When I was all of eleven, I had a paper route. If I could have delivered papers that actually paid pretty good money like the Colorado Springs Sun or Gazette Telegraph, I would have been a regular paperboy. But in those days, you had to be at least twelve to deliver the real papers. And a boy.
Rather, this gold mine was a little weekly rag of about a dozen pages with more advertisements than anything worth reading, like comics. The paper was called The Eastside Mailer. Subscribers paid a whopping $1.25 per month. The publisher got a dollar, carriers got twenty-five cents.
My two older brothers got me the gig. So, I followed them to The Eastside Mailer office, which was in the basement of a strip mall, under an ice cream shop. The place was almost large enough to house a printing press, a desk, counter and the publisher. The man was huge, bald and as pleasant as a dingo. If he’d had any more affection for children, he’d have tossed them into traffic. But he controlled his urge feed us to truck grilles so he wouldn’t have to deliver his papers himself. Who knew what his name was? I just called him The Ogre, but only because I was taught to be nice.
With his press pounding in a disco rhythm behind him, he leaned over the counter and demanded to know why I wanted a route. “B-b-because, I want to make some money,” came my bold reply.
“Come back tomorrow, and I’ll see if I have a route open, you little s–t.” He said, turning back to his thumping, clacking, hissing machine.
“Okay!” I imagined a route bursting at the seams with at least a hundred subscribers. At a quarter each per month, it would be a nice haul for an eleven-year-old, and not a whole lot of work. Easy cheesy as a pie of pizzey, as they say. Or would, if they had the poetic gift, too.
The next day, I got my subscription book, instructions on how the papers would come to me on Tuesday afternoon for an evening delivery and when and how to collect each month. Nothing to it.
Really. Nothing to it. I had a whopping twelve subscribers over a ten-block route. Well, whoever said you could make a living in journalism, anyway? It would do for allowance augmentation, if nothing else.
So, week after week, I trudged up hills, dropping one paper on a porch per block. Then, turning left at the corner, I’d trudge up hill again, drop a paper, turn left at the next corner and trudge up hill some more, turn left again and continue up hill. It was like finding yourself trapped in an Escher sketch.
I heard once that great minds had tried to crack the paradox of how a paper route in Colorado Springs could be all uphill coming and going. Nikola Tesla was the first, but he ended up fleeing to the east coast and going mad. Then Einstein, who used to have suave, black hair, took a swing at it. After years of frenzied equation chalking, erasing, re-calculating and scalp pulling, he is said to have exclaimed, “Ach, du lieber! Mein kopf can take no more!” So Stephen Hawking, that virile giant of a man, swaggered up to the challenge. After expending every last firing synapses on the conundrum while getting no closer to the answer, it left him deflated like a day-old party balloon.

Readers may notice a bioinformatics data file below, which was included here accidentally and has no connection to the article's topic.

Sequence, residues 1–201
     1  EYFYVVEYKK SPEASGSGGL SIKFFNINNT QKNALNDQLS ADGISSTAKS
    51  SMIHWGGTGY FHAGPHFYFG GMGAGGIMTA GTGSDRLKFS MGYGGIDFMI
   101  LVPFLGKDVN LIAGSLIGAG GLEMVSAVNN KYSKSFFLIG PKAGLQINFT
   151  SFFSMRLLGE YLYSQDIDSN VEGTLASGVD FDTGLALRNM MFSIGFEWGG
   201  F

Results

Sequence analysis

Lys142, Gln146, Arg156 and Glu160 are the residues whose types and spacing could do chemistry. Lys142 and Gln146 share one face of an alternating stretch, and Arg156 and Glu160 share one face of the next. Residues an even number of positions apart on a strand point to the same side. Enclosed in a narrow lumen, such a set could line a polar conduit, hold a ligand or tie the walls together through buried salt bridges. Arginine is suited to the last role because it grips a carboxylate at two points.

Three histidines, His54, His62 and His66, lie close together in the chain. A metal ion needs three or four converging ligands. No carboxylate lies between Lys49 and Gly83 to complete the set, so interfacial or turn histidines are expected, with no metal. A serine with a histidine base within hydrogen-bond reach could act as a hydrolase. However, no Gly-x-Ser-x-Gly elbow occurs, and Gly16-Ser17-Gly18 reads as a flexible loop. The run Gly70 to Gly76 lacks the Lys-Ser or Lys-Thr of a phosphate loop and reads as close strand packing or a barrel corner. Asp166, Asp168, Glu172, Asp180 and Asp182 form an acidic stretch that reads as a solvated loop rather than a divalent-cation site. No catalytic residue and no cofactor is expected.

At any rate, collection time finally rolled around. Woo-hoo! I was going to earn a year’s worth of allowance money in one month!
Who knew that $1.25 was such a princely sum that people couldn’t come up with the money? At the first of the month.
When EVERYONE ON EARTH GETS PAID.
After several nights of effort, I scored about a 90 percent collection rate. And my number of subscribers dropped by that final 10 percent. The only upshot was that my cat, Felix, tagged along, skulking from foundation shrub to foundation shrub as if I couldn’t see him. My big, golden tomcat pretended to be my guardian angel. It was adorable, I thought.
Disappointed with the job as I was, I kept at it, even when The Ogre dropped off a hundred papers, ordering me to deliver to every house on the route. Would I get paid for the extra deliveries? Oh, heck no. “But,” The Ogre snarled, “you might get some more subscribers.” There’s nothing like hope to crush a young girl’s spirit.
There was a house on the route guarded by the ugliest dog in the galaxy. This animal was the size of a plucked turkey, had bulgy, red-rimmed eyes; stiff, curly gray hair on its back; patchy, smooth black hair on its sides; brown spots like chewing tobacco spats; and ears that bent backwards with pieces missing. Its muzzle was gray and locked in a dreadful grimace.
The first time I passed the house, the monster waited around the corner until I began to cross in front. Then it charged like a bat out of a black mass, muzzle blazing with explosive canine profanities unsuitable to repeat here. Leaping and barking, sneezing and grinding, the possessed creature made rabid badgers look like St. Francis of Assisi.
Shocked, I slapped at its head with a paper as it vaulted to the height of the fence hoping to clear it. My instinctive defense only increased its rage. On one whirling bounce, it snatched the paper and proceeded noisily to make confetti of it, never taking its protruding eyes off of me as I ran away.